How Terrible We Are So Fair

How terrible we are so fair. In an effort to open a new front against President Bush, the left and it’s propaganda tool, the New York Times, has returned to an old staple of Karl Marx. You guessed it — the rich are getting richer, only this time the poor are not getting poorer, they just are not getting as rich as fast as the already rich. According to the the New York Times

The people at the top of America’s money pyramid have so prospered in recent years that they have pulled far ahead of the rest of the population, an analysis of tax records and other government data by The New York Times shows. They have even left behind people making hundreds of thousands of dollars a year.

The source for the evil is the President’s tax cut. As the Times shows

The Bush administration tax cuts stand to widen the gap between the hyper-rich and the rest of America. The merely rich, making hundreds of thousands of dollars a year, will shoulder a disproportionate share of the tax burden.

President Bush said during the third election debate last October that most of the tax cuts went to low- and middle-income Americans. In fact, most – 53 percent – will go to people with incomes in the top 10 percent over the first 15 years of the cuts, which began in 2001 and would have to be reauthorized in 2010. And more than 15 percent will go just to the top 0.1 percent, those 145,000 taxpayers.

What does this mean? It is simple. If you make $1 million and your taxes are reduced by three percent, you save more money from that tax cut than a person making $30,000 who gets a ten percent tax cut. But, the Times naturally leaves out the fact that a person who makes $1 million still pays more taxes than a person who makes $30,000.

ys, according to a Treasury Department analysis

Under the Bush tax cuts, the 400 taxpayers with the highest incomes – a minimum of $87 million in 2000, the last year for which the government will release such data – now pay income, Medicare and Social Security taxes amounting to virtually the same percentage of their incomes as people making $50,000 to $75,000.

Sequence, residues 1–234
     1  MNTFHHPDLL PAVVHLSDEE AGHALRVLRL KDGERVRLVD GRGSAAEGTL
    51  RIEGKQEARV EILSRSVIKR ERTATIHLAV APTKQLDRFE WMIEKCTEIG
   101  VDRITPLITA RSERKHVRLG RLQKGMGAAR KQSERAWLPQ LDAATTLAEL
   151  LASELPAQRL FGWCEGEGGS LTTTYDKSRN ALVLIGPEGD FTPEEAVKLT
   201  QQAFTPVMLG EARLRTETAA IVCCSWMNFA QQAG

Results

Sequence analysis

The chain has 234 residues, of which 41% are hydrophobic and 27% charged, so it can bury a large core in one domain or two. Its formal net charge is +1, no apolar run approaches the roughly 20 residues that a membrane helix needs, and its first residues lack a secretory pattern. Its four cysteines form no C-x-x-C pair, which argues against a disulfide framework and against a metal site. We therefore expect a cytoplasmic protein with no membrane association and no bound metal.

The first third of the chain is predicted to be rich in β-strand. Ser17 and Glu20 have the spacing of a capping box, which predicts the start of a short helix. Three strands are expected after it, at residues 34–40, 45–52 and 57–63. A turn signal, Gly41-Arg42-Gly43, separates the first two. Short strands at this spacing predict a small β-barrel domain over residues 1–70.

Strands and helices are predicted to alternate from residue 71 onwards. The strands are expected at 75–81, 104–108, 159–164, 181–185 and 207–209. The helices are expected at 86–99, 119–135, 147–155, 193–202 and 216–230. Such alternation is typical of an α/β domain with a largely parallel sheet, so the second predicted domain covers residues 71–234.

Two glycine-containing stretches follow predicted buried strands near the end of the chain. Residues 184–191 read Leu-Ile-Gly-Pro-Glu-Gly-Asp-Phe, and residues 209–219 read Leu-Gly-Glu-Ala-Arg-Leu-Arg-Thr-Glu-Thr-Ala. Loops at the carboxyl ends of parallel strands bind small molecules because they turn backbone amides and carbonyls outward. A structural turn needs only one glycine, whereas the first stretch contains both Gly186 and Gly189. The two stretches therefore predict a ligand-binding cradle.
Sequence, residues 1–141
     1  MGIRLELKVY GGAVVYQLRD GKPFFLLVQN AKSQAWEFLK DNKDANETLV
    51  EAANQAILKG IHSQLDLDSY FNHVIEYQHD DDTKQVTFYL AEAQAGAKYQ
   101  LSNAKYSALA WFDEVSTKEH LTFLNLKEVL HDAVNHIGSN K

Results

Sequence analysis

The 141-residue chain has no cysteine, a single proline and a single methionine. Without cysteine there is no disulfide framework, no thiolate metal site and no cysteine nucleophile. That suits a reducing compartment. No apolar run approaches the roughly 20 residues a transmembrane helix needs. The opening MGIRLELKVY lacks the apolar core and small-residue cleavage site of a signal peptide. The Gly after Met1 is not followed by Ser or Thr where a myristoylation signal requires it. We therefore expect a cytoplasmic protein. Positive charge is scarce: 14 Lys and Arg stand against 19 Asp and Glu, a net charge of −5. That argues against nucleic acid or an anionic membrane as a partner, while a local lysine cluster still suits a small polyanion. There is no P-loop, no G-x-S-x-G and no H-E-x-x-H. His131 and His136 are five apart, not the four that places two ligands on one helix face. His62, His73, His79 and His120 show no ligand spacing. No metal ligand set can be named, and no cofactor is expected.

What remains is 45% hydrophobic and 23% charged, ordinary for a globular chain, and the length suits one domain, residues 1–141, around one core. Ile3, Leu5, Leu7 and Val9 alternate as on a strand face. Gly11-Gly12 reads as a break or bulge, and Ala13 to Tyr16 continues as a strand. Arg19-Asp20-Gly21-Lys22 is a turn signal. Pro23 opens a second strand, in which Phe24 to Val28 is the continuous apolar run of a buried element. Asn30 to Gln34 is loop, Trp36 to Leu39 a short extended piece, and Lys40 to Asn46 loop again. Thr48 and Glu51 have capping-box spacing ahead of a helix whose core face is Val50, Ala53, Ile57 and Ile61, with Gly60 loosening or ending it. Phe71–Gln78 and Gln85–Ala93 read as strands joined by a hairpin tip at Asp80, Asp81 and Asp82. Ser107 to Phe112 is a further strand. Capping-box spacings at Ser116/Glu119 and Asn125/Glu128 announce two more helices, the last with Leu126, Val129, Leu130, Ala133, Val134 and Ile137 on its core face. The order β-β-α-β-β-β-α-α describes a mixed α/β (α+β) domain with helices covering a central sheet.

That’s a fancy way of saying the Bush administration is not punitively punishing high income earners as the Times would prefer. Americans are being treated on a more equal basis. The wealthy also are able to shelter their money better than the average person because the wealthy can afford to hire attorneys to find the loopholes Congress puts in the tax code — the tax code the New York Times champions in lieu of true tax reform.

In the Times running series “Class Matters,” the paper pays homage to Karl Marx as it grasps for another Pulitzer. In the process it has tried to dig up old complaints about the rich and Republicans and, as has happened in the past, fails. How terrible we are so fair instead of punishing those who achieve great things.

Update [2005-6-5 10:3:1 by Erick]: I received a very nice note from David Cay Johnston, who is so consciencous, he even wrote back to correct his grammar, which makes me look very bad.

David points out that he is only highlighting the data from the Treasury report, which does in fact show that wealth is even more concentrated in a few hands than ever before and that, according so several quoted in the article — including Alan Greenspan — has the potential to be a dangerous thing. Frankly, my gut instinct is to agree. But, I have not yet seen that and, I think, David is perhaps the innocent bystander in my overwhelming suspicion that this data will serve to be an unwelcome and rehashed attack against the Bush administration. I’ll let David have the final say.

I hope you will go back and re-read my article in today’s New York Times.

It does NOT attribute the growing share of income going to the top to date to the Bush tax cuts, as you wrote in a post.

Rather, it shows that the share of national income going to the top 0.1 and 0.01 percent have been rising for years — long before Mr. Bush was elected. This part of the charts has has annual data from 1920 to 2002 and is drawn from material originally published by the National Bureau of Economic Research, whose head is Martin Feldstein. The principal author of the work I cite on rising income shares is currently a visiting fellow at the Hoover Institution.

My article also says that a computer model — which the Treasury, among others, says is reliable — shows effects it will have in the years ahead under the law today and if the proposals in the President’s 2006 Budget are enacted.

The charts (including the original source documents) are available for you to examine at nytimes.com.

David, thanks very much for your kind note, for reading, and for your willingness to respond.

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Erick Erickson

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